The federal government could provide guidance by tying meaningful indicators of community involvement to federal grants and funding training in participatory democracy processes. Local School Councils in Chicago, although not without struggles and failures, practiced what Fung (2001) called accountable autonomy, in which local actors had the space to make decisions about their best interests, but were still accountable to city authorities for their participation in mandatory training, adherence to minimum principles of deliberation, and transparency of processes. Fung argues that successful councils relied on government to provide capacity-building and monitoring. This example could address some, although not all, of the problems of scale we described earlier.

Researchers, too, have a role to play in supporting a participatory vision of school change. The literatures on scholarship of engagement and community-based research provide a compelling frame for how universities might make civic engagement central to their work (Cruz, Ellern, Ford, Moss, & White, 2013; Douglas, 2012). Three features of engaged scholarship would guide this type of research:


Scholarship that is carried out collaboratively: a research project should be coconstructed and informed by the needs of the community and the expectations of the institution. This research should be clearly beneficial to the community, and the parameters of benefit determined collaboratively. It would be guided by deep and grounded reflection on the researcher’s positionality.


Scholarship that is shared with multiple audiences: Findings that result from this research should be shared at the institutional and grassroots levels. Engaged researchers should consider themselves accountable to the community as they are to their respective institutions.


Scholarship that informs policy: Although engaged research can offer benefits to a local community, sustainability and impact are enhanced by connecting work to policymakers at various scales of responsibility (Coburn, Penuel, & Geil, 2012).

With these principles in mind, one important project would be for researchers to investigate deliberative democratic processes that involve young people in school or neighborhood decision-making. Successful examples are hard to find in the literature; too often we get cautionary tales. Work is needed that links research about sustainable practices with design principles that can be generalized. Questions might include: What are the features of sustained intergenerational collaborative processes involving community members with different roles and power? What can be learned from particular context-specific cases that can inform the formation of democratic, multi-aged groups in other places?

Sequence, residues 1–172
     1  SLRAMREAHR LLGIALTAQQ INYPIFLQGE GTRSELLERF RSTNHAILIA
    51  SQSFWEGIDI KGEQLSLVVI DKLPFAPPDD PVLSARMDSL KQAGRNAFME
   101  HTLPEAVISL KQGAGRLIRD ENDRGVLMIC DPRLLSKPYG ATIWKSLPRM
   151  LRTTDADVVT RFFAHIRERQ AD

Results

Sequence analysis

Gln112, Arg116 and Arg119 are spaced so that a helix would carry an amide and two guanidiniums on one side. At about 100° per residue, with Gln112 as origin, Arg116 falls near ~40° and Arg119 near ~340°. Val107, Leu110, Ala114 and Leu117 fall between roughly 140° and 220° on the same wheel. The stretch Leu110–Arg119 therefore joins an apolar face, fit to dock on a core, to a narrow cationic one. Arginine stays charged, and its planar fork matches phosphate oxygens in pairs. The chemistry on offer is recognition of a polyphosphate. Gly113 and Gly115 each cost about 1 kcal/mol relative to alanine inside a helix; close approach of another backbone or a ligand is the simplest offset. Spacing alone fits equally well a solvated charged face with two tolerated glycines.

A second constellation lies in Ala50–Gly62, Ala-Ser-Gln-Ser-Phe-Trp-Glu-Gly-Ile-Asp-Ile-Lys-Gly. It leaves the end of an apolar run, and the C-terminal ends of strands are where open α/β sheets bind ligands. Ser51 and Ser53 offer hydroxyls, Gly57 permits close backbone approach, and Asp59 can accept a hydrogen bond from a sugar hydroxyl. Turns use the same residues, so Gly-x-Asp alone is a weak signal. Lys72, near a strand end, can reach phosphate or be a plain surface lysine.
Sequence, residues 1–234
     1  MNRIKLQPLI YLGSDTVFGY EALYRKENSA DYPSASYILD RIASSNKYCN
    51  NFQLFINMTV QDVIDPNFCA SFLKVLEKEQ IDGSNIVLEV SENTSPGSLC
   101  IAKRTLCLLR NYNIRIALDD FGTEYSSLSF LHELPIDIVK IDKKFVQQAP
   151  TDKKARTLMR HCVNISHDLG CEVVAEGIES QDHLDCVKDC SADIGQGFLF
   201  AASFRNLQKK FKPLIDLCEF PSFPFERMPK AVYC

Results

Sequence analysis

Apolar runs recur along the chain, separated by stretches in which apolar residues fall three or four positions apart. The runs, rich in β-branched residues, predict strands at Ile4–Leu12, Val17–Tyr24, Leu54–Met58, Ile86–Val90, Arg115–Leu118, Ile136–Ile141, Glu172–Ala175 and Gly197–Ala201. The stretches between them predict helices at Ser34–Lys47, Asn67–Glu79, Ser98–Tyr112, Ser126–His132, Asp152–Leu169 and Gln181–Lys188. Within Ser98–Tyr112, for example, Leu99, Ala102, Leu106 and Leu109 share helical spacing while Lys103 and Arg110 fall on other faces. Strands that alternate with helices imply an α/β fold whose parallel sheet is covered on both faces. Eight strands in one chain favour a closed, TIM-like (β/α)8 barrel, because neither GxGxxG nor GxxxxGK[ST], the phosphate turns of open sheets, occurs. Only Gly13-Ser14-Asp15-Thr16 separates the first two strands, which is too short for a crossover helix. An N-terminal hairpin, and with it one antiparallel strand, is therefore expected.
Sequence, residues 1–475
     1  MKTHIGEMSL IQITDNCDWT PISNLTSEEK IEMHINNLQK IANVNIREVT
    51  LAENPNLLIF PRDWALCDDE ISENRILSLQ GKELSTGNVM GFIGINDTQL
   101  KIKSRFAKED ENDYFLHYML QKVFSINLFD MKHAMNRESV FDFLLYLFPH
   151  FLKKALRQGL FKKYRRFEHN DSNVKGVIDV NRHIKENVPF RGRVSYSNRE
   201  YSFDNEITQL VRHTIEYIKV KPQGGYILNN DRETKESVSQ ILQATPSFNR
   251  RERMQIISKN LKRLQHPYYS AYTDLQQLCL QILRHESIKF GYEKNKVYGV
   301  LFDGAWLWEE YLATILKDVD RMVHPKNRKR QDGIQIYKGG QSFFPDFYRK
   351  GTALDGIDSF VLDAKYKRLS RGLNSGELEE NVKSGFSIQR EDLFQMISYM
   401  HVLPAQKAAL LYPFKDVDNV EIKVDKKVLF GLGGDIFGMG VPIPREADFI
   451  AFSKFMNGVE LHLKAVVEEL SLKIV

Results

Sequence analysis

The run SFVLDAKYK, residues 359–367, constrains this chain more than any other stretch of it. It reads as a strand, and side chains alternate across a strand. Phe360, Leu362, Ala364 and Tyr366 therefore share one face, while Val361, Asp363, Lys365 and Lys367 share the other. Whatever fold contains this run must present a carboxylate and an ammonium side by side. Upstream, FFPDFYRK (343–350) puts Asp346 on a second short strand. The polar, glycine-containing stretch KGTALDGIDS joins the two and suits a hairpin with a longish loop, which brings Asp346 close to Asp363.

Researchers also have a role in linking local community-based efforts to district and state policy. Community-based research and design-based implementation research (DBIR) both offer promising models (Penuel, Fishman, Cheng, & Sabelli, 2011; Strand et al., 2003). In community-based research, university researchers form partnerships with people outside of the academy in order to collect and analyze data oriented towards local social change goals. Similarly, DBIR is focused on strong researcher–practice collaborations: it aims to link those who design and study educational innovations with those interested in developing capacity for sustaining change in education systems (Fishman, Penuel, Allen, & Cheng, 2013). Questions emerging from such a program could include: How do the aims and interests of the community become linked to district and state priorities? What are the emerging linkages between community and school policy or school and district policy?

Our aim here has been to promote a set of ideas to inform participatory processes that include youth, families, teachers, and community members in democratic intervention in low-performing schools. This is consistent with our vision of educational justice that is deliberative and connected to the needs of society. It is not a technical solution that should be judged solely against criteria of efficiency or short-term changes in test scores. It is instead rooted to a democratic vision where the criteria for success emphasize sustainability, student and community engagement, equity, and, ultimately, quality learning opportunities for young people living in poor and marginalized neighborhoods.


1. Race to the Top is only one of several policy frameworks that call for turning around schools. Several other federal initiatives support turnaround, including OST School Improvement Grants and i3 grants. Similarly, districts and states may have their own reasons for closing schools or supporting charts. We focus on RTT here because of its federal significance and we view it as in alignment with a repertoire of reform strategies that prioritize turnaround or closure. (For more discussion, see Onosko, 2011).


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Cite This Article as: Teachers College Record Volume 117 Number 6, 2015, p. 1-26 ID Number: 17879, Date Accessed: 1/23/2022 4:14:16 PM